Sherry Thomas and Russell Scott of Bialy/Thomas & Associates are part of the Emmy-nominated casting teams behind some of TV’s most acclaimed shows, including this year’s Emmy nominees “Dead to Me,” and “The Handmaid’s Tale” (which they’re also nominated for casting), as well as fan favorites like “Breaking Bad” and “The Walking Dead.” Speaking to Backstage via a live Zoom Q&A, Thomas and Scott shared what they look for in an actor’s approach to a role in the audition room and how self-tapes have become an even more crucial part of their process during the COVID-19 pandemic.
How to get in the room with Sharon Bialy and Sherry Thomas
Regardless of genre, connection to the character is always most important.
Sherry Thomas: “If you’re a good actor you can most likely ‘act something’ but the beauty is when you don’t see that happening at all, when it truly is the soul of the actor meets the soul of the character and there’s very little in between that takes you out of what they’re doing. That’s what you look for, that’s the dream.”
Casting directors constantly share information across their office.
ST: “Where Sharon [Bialy] and I really get protective, if you will, or irritated or upset is if an actor comes in and they have an attitude because they’re in the room with Russell or [fellow Bialy/Thomas CD] Gohar [Gazazyan] and not one of us. That’s a problem. They have to respect the process and that we know what we’re doing. They can be disappointed, but we all share information. There isn’t any way that any casting director can know every single actor so what we do is we strengthen the knowledge of actors across the board because we share so much information. It strengthens, I think, the world around us.”
In spite of the current circumstances, much of their casting process still feels familiar.
ST: “We have a couple of shows that are gearing up and really trying to go back before the end of 2020. It’s all kind of touch-and-go based on the surge here in L.A. and in other places. One of them shoots in Atlanta, one of them shoots in Austin, one of them shoots in Canada. I think the one that will likely start is Canada. All of the shows that are shooting in L.A., most of them have been pushed to 2021 and you’re kind of going with the flow on it.”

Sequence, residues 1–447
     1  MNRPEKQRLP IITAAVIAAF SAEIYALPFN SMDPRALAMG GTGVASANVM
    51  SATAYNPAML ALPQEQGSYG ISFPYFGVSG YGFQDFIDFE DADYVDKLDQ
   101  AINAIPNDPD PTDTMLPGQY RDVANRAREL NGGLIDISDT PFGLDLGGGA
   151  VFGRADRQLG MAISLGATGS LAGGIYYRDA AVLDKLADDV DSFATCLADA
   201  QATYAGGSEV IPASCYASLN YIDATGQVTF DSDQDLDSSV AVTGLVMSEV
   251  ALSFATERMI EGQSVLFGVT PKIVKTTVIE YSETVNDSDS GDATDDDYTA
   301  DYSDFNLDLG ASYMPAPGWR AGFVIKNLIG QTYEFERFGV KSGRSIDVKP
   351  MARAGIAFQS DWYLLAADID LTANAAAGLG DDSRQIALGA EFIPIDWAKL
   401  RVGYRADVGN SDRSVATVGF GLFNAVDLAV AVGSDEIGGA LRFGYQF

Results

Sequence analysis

Russell Scott: “Almost none of our shows shoot here so we would do a lot of self-taping of people from across the country. It’s still getting in self-tapes for “Walking Dead” and “Better Call Saul” and “Handmaid’s Tale” and everything. We have been working on a Netflix show called “The Society” and we’ve been watching a lot of self-taped auditions for the new season of that show. We haven’t gotten to the stage yet where we start doing Zoom callbacks and readings, it’s just kind of like a regular process where just the people in L.A. are also now having to self-tape instead of coming in.”
When doing a self-tape, keep it simple.
ST: “I feel like we all watch every single self-tape that comes in. People put their work into it, so to not ever watch it feels disrespectful to the actor and the process. For me, the basics are you want to shoot from right about under your chest up and be framed in nicely, you don’t want the reader to overpower. If you can have a good reader, that’s great, and they don't need to act, they can just facilitate what you’re doing. Make sure the lighting is good, make sure you have a plain background. I think even more so with self-tapes, you should always do one normal and then one throw-it-away and speed it up because what tends to happen with self-tapes is there’s nobody in the room to do that, so keep it moving. Watch it back from different perspectives. Don’t watch it back from your ego, watch it back from, Are they going to watch the whole thing? Sometimes, it’s not out of disrespect or not having the time, sometimes we do see 20–30 seconds and we really get a sense that they’re not necessarily right for the part. So try to just watch it back without any ego and make sure the reps are watching it too because sometimes they have already had conversations with the casting directors.”
RS: “You shouldn’t send in three or four takes of a scene, don’t do that. [When] you get one that you like, send that one. But a lot of times, when people are self-taping, the tendency is to do too much so then just do another take, so there’s two takes total, where you’re just very simple, you feel like you’re not doing anything.”
The best way to get discovered is to keep doing the work.
ST: “We’re digging and if you’re right and if it feels right and with the research that we can do now on the internet, we’ll find you. That doesn’t mean stop doing the work, keep doing the work.”
RS: “People will try to tweet at us and be like ‘I’m an actor, how do I get started?’ You act. You do short films, you do theater, that’s how you’re going to get found.”
Watch the whole interview here:
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